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Economy

Chemical companies preview second-quarter COVID-19 impact

Sales to the auto industry plummeted, but other sectors held up

by Melody M. Bomgardner
July 15, 2020 | APPEARED IN VOLUME 98, ISSUE 28

Chemical companies navigating the economic impact of COVID-19 will be reporting second-quarter sales and earnings in the coming weeks, and early indications are that the figures won’t be pretty. Economists are expecting a global rebound in the third quarter, but chemical industry watchers say some markets, namely automotive and aerospace, will continue to be troubled, possibly for years.

Results

Early reports show steep second-quarter sales drops

–12.4%

BASF

–32.6%

Covestro

–18.9%

AkzoNobel

Source: Companies.

The chemical makers BASF and Covestro and the paint and coatings firm AkzoNobel have given investors a preview of the magnitude of the impact that COVID-19 slowdowns had on second-quarter sales and earnings. All three say businesses serving automotive manufacturing had a rough season, while some other major segments kept pace with last year.

Lower demand from the auto industry hurt BASF’s sales of materials, surface technologies, and basic and performance chemicals. Overall, the German company expects to report a sales drop of 12.4% to $14.5 billion compared to the second quarter of 2019. The company will report full results on July 29.

BASF estimates its overall earnings before special items were sharply lower at $258 million compared with over $1.1 billion in the prior-year quarter, though above analyst expectations. The company’s finances were also hit by plummeting demand for oil and gas; it will take an impairment worth $912 million for its ownership stake in the oil company Wintershall Dea.

In contrast, BASF notes, its nutrition and care businesses had stronger earnings compared with last year, and agriculture earnings were level.

Covestro says it expects second-quarter earnings before taxes and interest of $141 million, beating analyst forecasts by about $50 million. But the result falls far short of last year’s $523 million in earnings. The company makes polyurethanes and polycarbonates used in auto manufacturing and consumer products such as cosmetics and sports equipment. Overall sales dropped by roughly one-third from last year.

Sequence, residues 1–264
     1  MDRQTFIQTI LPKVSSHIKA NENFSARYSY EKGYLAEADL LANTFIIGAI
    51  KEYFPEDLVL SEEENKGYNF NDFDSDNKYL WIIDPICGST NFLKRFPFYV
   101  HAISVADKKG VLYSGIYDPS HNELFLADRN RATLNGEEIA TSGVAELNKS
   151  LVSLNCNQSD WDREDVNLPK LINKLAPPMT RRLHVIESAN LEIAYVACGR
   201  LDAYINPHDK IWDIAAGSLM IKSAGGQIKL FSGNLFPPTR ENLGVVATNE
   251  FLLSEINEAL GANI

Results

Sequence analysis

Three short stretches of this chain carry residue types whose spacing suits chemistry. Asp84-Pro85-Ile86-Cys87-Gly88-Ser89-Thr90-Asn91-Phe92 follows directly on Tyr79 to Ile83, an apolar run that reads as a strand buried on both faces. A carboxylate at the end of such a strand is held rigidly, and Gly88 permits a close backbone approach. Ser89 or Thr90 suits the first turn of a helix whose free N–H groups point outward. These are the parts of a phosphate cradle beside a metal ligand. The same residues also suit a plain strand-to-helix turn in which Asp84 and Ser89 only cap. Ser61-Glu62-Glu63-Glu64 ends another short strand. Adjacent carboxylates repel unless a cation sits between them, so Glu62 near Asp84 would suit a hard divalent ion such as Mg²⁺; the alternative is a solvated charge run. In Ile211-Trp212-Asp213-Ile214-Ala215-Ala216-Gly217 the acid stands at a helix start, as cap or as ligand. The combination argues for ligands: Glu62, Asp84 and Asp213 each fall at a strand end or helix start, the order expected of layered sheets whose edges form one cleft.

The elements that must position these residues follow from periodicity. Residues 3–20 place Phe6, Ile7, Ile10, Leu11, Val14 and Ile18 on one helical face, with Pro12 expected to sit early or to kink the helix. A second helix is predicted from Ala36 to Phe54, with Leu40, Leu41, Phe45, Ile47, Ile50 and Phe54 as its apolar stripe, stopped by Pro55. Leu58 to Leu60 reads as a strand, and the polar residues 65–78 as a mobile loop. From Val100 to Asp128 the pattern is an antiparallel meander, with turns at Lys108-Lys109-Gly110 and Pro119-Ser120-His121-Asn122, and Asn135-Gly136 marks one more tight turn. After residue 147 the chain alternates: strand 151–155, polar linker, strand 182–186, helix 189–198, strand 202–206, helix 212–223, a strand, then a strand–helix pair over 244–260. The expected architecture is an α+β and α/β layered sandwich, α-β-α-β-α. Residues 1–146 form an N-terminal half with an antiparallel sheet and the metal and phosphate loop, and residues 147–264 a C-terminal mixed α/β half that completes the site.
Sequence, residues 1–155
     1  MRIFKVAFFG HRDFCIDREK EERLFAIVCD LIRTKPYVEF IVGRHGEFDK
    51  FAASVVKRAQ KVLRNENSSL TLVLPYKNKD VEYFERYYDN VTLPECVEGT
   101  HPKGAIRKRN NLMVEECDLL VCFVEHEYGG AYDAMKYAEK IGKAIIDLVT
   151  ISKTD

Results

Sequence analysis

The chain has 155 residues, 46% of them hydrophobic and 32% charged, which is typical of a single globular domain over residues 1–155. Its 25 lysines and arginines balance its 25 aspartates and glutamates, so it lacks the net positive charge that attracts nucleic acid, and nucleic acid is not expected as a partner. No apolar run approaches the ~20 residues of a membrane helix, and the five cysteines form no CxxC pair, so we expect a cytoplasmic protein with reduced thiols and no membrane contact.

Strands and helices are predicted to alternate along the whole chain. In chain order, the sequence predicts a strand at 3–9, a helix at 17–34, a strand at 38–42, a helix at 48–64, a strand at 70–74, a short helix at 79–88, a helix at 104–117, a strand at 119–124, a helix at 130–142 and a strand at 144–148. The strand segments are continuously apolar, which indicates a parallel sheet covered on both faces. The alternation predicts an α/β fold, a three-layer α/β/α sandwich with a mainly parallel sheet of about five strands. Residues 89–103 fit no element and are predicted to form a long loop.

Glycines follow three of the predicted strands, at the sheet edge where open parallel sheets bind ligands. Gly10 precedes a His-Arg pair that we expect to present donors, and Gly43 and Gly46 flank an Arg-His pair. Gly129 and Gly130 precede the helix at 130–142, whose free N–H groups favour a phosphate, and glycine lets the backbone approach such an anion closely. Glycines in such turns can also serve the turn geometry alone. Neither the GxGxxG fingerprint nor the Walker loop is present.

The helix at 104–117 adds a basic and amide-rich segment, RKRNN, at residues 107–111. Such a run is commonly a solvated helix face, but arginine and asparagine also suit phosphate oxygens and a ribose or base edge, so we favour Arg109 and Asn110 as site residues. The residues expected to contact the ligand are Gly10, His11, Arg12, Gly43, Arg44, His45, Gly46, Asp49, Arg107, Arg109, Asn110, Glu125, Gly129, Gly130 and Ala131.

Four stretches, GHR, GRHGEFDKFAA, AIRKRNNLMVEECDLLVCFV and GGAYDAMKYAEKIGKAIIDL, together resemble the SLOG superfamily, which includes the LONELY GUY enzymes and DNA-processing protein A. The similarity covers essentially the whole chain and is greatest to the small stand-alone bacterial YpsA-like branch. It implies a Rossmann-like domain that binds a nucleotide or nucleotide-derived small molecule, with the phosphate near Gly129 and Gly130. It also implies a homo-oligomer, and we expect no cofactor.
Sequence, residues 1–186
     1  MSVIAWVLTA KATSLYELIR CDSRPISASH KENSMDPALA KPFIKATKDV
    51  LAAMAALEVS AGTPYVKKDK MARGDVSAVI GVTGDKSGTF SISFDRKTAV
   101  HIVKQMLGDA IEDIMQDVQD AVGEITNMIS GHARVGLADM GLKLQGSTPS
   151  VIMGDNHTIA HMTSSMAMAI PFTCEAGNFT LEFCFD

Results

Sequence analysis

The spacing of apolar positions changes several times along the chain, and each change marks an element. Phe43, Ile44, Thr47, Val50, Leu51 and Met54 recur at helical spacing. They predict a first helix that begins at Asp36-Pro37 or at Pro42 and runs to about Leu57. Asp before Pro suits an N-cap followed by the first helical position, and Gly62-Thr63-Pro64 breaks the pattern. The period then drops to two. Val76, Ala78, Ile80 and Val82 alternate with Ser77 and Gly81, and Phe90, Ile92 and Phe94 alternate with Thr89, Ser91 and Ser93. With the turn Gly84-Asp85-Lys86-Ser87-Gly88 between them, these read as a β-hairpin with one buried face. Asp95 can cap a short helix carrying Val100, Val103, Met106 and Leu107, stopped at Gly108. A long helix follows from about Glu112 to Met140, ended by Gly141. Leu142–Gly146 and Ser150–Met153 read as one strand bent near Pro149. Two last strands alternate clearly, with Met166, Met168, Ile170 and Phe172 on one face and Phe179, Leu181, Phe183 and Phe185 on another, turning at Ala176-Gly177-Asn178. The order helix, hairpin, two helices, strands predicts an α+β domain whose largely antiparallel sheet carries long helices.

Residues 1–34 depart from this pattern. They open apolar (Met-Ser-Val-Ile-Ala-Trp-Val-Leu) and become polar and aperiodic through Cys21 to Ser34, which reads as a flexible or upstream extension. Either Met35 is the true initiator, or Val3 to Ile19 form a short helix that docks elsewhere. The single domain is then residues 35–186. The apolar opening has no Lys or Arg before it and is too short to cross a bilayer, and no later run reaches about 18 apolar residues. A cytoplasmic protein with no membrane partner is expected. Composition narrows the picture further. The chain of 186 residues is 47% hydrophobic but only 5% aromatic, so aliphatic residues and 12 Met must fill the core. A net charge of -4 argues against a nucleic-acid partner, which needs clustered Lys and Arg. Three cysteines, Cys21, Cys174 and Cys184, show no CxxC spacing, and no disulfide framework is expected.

AkzoNobel saw divergent demand trends for paints and coatings. Sales of performance coatings for auto and aerospace manufacturing stayed well below last year, though demand improved over the course of the quarter. In contrast, demand for decorative paints in Europe and China rebounded compared to the first quarter. Overall, the company saw 19% lower sales and a 22% reduction in adjusted operating income during the quarter.

Although the numbers are grim, data from the Organization for Economic Cooperation and Development (OECD) suggest the chemical sector has been resilient compared with the economy overall: gross domestic product in the US and the European Union shrank 41% and 49%, respectively, in the second quarter. OECD projects growth will return in the third quarter.

In the US, the chemical industry will continue to face lagging sales to the auto industry, but companies supplying pharmaceuticals, nutrition, and hygiene raw materials will benefit from upward trends, according to a midyear outlook by Deloitte. The consulting firm estimates full-year US chemical industry sales will be 14–15% lower than last year.

“The effects of the COVID-19 pandemic will likely echo well beyond 2020, and the crisis provides an opportunity for companies to learn and adapt,” Duane Dickson, chemical leader for Deloitte, wrote in the report.

Socma, a US trade group for fine and specialty chemical companies, asked its members about their longer-term outlook. It found 92% of surveyed companies expect revenue to grow over the next 3 years, thanks to rising demand for performance materials, agriculture chemicals, and pharmaceutical ingredients.

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